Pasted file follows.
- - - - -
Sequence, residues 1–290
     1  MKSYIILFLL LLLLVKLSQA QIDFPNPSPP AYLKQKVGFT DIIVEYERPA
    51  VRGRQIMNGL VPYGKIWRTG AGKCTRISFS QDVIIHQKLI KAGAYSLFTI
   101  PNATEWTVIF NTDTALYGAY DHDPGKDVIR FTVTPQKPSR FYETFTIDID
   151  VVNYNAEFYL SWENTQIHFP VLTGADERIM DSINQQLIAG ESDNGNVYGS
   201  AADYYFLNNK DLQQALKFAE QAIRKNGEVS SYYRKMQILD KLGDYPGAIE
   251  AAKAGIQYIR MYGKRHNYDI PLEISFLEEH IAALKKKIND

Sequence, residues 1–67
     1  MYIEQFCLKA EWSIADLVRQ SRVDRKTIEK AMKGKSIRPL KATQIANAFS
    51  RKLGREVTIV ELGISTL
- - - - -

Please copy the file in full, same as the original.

Sequence, residues 1–290
     1  MKSYIILFLL LLLLVKLSQA QIDFPNPSPP AYLKQKVGFT DIIVEYERPA
    51  VRGRQIMNGL VPYGKIWRTG AGKCTRISFS QDVIIHQKLI KAGAYSLFTI
   101  PNATEWTVIF NTDTALYGAY DHDPGKDVIR FTVTPQKPSR FYETFTIDID
   151  VVNYNAEFYL SWENTQIHFP VLTGADERIM DSINQQLIAG ESDNGNVYGS
   201  AADYYFLNNK DLQQALKFAE QAIRKNGEVS SYYRKMQILD KLGDYPGAIE
   251  AAKAGIQYIR MYGKRHNYDI PLEISFLEEH IAALKKKIND

Sequence, residues 1–67
     1  MYIEQFCLKA EWSIADLVRQ SRVDRKTIEK AMKGKSIRPL KATQIANAFS
    51  RKLGREVTIV ELGISTL